The Foundation is pleased to announce that eleven research projects have been selected to share over $1.4M in research grants for its 2015-2016 research program. All applications received were evaluated by the Scientific Committee. The Foundation would like to thank all candidates who submitted a proposal.Read More
On June 23, a meeting was held in Montreal between a pharmaceutical company and the ARSACS research team with respect to the outcome of the preclinical trial phase II currently underway on the ARSACS mice at the Douglas Institute. The complete results should be known in November 2015. See Summary.
The meeting of the team of researchers “ARSACS – CIHR” held on June 3 provided an opportunity to share the most recent research results from each lab. See ARSACS meeting.
In February 2015,the Foundation funded a study conducted by Olivier Audet to determine the impact of a regular training program on ARSACS patients. The study shows a significant improvement for 11 of the 13 evaluations of physical fitness and the functional ability. See report(French version only) Mémoire.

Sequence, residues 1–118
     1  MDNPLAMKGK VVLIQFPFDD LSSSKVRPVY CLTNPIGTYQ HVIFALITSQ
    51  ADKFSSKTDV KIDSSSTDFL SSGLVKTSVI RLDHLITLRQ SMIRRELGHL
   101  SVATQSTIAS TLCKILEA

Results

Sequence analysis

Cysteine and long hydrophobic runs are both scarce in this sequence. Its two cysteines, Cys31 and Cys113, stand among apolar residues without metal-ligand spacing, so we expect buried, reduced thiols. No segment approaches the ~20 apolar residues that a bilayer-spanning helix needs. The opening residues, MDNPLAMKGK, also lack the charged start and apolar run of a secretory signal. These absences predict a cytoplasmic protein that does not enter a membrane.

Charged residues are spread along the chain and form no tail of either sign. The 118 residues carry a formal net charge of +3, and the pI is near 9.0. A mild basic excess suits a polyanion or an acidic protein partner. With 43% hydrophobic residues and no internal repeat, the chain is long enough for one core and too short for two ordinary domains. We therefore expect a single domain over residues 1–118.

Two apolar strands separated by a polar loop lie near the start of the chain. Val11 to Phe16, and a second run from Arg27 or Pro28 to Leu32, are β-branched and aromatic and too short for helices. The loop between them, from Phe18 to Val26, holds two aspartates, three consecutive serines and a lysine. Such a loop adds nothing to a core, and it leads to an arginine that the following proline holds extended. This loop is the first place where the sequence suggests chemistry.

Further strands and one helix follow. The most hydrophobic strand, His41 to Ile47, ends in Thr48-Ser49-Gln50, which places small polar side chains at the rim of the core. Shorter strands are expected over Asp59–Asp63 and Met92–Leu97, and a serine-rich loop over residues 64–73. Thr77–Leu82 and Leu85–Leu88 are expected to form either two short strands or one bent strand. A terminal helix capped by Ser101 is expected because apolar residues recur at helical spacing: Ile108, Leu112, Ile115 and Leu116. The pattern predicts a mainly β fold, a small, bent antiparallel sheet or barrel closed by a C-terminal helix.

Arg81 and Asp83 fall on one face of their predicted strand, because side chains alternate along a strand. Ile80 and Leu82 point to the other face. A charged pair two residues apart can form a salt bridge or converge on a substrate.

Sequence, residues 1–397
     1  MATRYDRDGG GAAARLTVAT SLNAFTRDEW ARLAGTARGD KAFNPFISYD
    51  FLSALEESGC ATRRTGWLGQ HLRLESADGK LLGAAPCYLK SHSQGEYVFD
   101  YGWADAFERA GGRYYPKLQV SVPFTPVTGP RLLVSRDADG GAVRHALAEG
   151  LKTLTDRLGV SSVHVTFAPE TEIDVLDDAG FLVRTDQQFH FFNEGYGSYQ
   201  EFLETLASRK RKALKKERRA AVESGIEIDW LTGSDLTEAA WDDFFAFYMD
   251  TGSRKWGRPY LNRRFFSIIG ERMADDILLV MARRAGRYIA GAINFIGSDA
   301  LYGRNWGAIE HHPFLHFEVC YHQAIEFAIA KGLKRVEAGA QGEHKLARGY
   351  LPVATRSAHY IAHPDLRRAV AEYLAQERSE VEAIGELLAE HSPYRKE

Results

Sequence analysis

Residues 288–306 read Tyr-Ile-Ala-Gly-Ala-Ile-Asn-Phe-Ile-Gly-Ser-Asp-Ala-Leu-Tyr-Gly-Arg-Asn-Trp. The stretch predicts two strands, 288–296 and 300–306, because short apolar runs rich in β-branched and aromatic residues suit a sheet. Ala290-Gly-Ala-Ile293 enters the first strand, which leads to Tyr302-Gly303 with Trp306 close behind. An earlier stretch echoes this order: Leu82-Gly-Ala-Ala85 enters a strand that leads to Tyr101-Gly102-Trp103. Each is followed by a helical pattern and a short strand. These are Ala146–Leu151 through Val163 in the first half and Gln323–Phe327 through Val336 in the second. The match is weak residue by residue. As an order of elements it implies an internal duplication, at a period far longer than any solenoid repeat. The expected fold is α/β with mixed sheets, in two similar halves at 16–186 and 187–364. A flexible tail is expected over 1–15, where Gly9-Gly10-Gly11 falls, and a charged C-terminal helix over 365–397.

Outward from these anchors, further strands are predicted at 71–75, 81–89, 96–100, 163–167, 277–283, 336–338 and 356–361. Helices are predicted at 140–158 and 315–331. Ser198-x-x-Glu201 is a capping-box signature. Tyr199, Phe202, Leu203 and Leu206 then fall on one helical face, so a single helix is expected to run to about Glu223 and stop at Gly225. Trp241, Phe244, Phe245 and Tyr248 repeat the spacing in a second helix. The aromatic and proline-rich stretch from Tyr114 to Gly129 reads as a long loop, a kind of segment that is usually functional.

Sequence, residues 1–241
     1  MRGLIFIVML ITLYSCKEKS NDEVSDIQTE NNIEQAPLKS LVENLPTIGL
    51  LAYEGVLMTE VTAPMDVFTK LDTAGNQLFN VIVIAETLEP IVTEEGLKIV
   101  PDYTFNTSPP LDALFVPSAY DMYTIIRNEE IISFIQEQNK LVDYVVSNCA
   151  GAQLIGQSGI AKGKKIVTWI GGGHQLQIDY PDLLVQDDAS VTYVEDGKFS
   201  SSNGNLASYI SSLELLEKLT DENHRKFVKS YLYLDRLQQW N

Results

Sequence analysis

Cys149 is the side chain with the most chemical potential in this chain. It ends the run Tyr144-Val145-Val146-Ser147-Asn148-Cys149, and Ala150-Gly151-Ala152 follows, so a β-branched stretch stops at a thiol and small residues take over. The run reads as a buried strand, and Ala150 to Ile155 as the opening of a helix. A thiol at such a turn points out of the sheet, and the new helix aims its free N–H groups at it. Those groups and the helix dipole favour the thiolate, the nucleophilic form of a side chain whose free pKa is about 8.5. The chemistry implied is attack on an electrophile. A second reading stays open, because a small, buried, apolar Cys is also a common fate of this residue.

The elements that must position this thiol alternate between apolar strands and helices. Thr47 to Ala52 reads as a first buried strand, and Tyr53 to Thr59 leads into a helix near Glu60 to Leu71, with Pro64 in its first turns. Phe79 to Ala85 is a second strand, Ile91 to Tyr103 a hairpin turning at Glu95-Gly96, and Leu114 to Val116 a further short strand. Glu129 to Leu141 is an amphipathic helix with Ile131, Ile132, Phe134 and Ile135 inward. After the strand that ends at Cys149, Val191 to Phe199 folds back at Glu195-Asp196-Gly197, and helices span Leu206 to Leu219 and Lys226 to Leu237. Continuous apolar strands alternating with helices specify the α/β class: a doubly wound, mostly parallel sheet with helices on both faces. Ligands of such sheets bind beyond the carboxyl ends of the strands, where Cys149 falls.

The preparation required for a preclinical trial with a therapeutic molecule coming from the United States will begin soon. This test will be done on ARSACS mice in Montreal laboratories. This will be the 2nd preclinical trial funded by the Foundation. The results of the first trial are still to come.
Dr. Alanna Watt, member of the ARSACS research team, will be presenting the new ARSACS findings as a poster at the Neuroscience 2015 meeting. The annual meeting of the Society of Neuroscience will be held in October 2015 in Chicago. See New findings abstract.
The Ataxia Charlevoix-Saguenay Foundation was founded in 2006 to finance scientific research on Autosomal Recessive Spastic Ataxia of Charlevoix-Saguenay (ARSACS).Learn more
Again this year, with Mr. Jacques Bougie as the honorary president, the Dîner des Producteurs had a great success raising over $700,000 for the ARSACS reseach.Learn more
ARSACS is a debilating hereditary and progressive childhood neurological disorder.Learn more